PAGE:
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Brazil’s property market continues to deteriorate

Brazil's housing market remains depressed, amidst the ongoing economic crisis and an uncertain political landscape, according to the latest market analysis conducted by the Global Property Guide.

The study of Brazil’s housing market shows that in Sao Paulo, residential property prices fell by 7.59% during the year to Q2 2016, worse than the 3.52% decline seen in a year earlier and the sixth consecutive quarter of falling house prices. Quarter-on-quarter, house prices dropped 1.58% in Q2 2016.

Brazil's economy remains in deep recession and unemployment is at record high. The economy shrank by 3.8% in Q2 2016 from a year earlier, having shrunk every quarter since Q2 2014 - the country's worst and longest recession in more than a century.

Worse, the country is in the midst of immense political turmoil. In August 2016, Michel Temer was sworn in as Brazil’s new president after the Senate voted to remove former President Dilma Rousseff, amidst the massive Petrobras corruption scandal. Unemployment rose to 11.3% in Q2 2016, sharply up from 6.5% two years ago, according to the country’s statistics agency, IBGE. Fitch Ratings recently downgraded Brazil's sovereign rating into junk, in line with the other two major rating companies.

The economy is expected to contract by 3.8% this year, after a contraction of 3.8% in 2015, and growth of 0.15% in 2014, 2.7% in 2013, 1.8% in 2012, 3.9% in 2011 and 7.6% in 2010, according to the IMF.

By December 2015, the Brazilian Real (BRL) had lost about 32% of its value against the U.S. dollar to reach an average monthly exchange rate of BRL3.88 = USD1 as compared to BR2.64 = USD1 in December 2014. However in the first eight months of 2016, the real recovered almost 26.5% to reach BRL3.21 = USD1, largely in response to the formation of a new government.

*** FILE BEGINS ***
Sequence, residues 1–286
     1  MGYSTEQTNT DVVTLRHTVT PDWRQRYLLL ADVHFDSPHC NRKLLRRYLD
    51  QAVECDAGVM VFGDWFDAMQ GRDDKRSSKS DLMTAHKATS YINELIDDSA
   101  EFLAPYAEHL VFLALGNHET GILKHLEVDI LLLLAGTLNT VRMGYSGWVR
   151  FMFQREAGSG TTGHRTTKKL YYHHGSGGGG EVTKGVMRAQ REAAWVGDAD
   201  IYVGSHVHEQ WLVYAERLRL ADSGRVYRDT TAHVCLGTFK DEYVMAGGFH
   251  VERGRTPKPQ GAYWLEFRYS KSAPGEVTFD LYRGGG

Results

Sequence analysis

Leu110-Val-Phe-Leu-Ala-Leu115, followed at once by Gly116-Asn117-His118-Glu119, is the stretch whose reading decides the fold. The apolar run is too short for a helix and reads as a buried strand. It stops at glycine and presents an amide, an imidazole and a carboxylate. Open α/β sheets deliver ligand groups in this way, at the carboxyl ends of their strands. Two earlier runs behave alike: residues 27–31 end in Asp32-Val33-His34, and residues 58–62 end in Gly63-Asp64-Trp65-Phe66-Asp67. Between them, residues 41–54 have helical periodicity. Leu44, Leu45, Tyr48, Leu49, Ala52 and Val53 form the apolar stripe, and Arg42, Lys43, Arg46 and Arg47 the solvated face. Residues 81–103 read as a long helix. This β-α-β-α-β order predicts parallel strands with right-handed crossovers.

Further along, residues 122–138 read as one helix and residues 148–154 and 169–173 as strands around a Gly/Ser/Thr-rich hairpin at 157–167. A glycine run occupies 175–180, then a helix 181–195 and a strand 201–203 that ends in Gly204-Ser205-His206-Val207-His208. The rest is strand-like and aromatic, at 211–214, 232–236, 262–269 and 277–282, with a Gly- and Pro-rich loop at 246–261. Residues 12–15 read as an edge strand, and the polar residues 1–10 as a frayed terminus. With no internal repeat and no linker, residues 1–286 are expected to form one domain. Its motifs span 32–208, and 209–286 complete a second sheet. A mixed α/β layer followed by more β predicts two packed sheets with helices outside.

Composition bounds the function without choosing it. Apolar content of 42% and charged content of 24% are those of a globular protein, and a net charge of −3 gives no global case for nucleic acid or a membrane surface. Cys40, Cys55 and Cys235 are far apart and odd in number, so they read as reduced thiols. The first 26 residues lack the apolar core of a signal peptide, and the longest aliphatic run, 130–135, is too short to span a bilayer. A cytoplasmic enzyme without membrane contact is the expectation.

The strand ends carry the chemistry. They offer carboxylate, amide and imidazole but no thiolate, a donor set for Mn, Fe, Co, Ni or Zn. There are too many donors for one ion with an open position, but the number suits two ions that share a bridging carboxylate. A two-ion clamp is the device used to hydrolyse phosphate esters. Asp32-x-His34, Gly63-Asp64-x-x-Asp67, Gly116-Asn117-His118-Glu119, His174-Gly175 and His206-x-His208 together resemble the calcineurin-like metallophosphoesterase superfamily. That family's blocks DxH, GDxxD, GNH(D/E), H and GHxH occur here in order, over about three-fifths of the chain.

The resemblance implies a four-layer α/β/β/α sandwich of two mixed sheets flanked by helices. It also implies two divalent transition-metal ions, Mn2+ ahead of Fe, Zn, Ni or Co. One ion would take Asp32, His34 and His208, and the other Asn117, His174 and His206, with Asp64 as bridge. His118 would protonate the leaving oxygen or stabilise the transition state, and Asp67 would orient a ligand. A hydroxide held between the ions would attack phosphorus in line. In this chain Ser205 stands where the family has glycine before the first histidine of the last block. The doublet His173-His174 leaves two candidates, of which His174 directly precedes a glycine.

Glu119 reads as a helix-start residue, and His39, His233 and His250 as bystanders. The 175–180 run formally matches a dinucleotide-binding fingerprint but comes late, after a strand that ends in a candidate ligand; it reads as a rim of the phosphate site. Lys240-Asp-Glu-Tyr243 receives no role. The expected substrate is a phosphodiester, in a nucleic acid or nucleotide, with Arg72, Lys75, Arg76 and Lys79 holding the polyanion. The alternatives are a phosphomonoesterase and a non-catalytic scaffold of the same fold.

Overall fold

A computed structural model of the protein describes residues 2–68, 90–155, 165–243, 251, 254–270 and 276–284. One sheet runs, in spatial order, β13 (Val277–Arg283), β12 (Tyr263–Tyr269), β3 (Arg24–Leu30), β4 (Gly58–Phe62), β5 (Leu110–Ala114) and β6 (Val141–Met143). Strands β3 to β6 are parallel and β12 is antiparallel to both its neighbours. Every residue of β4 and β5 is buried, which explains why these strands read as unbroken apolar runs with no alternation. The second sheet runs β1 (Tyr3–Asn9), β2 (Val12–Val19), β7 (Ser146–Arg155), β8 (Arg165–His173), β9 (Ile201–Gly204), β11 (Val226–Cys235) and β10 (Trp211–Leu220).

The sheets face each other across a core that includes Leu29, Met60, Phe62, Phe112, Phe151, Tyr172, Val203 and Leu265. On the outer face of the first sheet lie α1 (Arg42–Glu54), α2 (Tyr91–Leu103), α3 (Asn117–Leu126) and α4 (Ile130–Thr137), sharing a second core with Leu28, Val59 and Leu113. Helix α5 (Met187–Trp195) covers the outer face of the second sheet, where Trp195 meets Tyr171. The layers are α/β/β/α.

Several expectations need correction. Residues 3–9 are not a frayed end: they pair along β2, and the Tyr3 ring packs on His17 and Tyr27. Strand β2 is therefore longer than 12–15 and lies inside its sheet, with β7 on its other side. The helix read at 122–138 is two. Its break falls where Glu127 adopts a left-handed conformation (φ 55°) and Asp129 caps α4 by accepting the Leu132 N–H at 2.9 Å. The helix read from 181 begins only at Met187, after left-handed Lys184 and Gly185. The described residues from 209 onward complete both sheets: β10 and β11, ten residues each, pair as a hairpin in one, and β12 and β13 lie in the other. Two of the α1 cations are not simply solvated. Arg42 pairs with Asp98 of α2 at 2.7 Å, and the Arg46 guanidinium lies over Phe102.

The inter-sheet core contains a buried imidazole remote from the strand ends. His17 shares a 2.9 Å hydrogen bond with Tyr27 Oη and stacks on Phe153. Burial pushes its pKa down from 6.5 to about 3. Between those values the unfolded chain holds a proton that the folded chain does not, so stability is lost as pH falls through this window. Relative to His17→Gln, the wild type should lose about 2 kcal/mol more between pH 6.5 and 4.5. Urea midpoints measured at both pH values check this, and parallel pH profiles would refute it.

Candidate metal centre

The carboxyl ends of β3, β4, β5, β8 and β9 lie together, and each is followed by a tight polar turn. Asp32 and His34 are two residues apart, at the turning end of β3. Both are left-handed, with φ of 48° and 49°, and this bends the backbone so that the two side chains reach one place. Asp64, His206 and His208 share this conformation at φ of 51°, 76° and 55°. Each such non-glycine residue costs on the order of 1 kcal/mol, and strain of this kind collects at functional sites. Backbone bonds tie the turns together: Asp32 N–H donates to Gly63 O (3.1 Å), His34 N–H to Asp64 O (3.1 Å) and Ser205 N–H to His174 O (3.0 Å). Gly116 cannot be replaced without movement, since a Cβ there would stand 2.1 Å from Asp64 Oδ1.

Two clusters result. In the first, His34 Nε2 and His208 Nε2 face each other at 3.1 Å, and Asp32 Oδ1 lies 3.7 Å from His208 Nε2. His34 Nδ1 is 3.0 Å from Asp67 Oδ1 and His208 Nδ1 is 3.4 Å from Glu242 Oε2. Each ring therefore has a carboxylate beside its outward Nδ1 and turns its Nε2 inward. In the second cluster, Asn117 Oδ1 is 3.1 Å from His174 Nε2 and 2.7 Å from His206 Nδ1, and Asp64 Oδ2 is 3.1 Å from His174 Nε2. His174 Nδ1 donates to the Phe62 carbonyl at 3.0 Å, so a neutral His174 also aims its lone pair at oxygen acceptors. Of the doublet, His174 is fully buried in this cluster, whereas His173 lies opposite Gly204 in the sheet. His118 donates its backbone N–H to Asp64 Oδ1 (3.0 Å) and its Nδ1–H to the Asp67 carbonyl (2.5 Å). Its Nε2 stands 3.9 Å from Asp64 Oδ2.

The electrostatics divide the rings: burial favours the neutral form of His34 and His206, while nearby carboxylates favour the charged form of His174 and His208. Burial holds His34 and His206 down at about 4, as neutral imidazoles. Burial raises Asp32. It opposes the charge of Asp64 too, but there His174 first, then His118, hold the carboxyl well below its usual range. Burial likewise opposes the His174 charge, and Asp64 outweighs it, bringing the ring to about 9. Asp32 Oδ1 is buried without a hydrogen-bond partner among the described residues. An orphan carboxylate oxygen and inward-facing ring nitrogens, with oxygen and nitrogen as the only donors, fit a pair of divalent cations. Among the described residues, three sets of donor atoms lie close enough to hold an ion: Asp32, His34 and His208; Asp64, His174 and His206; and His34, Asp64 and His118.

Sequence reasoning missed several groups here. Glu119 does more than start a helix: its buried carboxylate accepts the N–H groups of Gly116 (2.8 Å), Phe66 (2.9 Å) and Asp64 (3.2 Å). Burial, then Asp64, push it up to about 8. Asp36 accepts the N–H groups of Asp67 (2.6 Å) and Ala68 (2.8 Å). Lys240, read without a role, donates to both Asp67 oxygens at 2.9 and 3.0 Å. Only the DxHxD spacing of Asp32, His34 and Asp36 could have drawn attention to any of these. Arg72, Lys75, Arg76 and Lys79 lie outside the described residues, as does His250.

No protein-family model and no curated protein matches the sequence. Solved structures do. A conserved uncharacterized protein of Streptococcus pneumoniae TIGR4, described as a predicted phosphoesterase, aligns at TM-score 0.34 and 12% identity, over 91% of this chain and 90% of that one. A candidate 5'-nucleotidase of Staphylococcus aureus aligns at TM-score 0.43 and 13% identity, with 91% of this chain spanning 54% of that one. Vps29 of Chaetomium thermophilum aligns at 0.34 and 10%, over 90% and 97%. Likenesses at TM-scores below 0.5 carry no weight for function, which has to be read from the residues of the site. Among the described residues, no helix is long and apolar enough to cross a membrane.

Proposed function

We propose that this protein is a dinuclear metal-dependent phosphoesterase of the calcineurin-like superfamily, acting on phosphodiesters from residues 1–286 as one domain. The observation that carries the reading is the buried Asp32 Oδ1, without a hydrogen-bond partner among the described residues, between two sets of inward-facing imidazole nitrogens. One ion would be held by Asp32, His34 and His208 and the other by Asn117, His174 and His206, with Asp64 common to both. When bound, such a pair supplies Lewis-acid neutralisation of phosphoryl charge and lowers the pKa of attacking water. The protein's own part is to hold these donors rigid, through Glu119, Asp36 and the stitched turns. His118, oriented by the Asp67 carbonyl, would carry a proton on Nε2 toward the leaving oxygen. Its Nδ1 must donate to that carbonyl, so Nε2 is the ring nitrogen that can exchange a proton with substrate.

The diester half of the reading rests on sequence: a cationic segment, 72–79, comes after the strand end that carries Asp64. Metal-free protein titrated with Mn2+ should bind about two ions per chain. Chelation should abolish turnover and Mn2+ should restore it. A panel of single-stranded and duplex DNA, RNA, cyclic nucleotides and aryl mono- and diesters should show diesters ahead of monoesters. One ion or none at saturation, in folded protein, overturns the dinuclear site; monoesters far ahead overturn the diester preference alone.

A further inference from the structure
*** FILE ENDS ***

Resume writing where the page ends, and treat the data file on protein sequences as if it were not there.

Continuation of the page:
House prices in Sao Paulo soared by 113% (inflation-adjusted) from 2007 to 2013, while Rio De Janeiro's rose by 144%, as interest rates were progressively cut from 26% to 7.25% between 2003 and 2012.

However, starting in the first half 2013, the central bank raised the benchmark interest rate nine times to 11% in April 2014, causing a sharp economic slowdown. After holding the key rate steady for almost seven months, the central bank decided to raise it again by 25 basis points in October 2014, and by 50 basis points in December 2014. In 2015, the central bank again raised the key rate five times to 14.25%, the highest level for almost six years. The key rate has remained unchanged since.

For the latest detailed housing market analysis of individual regions and countries, check out the Global Property Guide's global survey for Q2 2016. 

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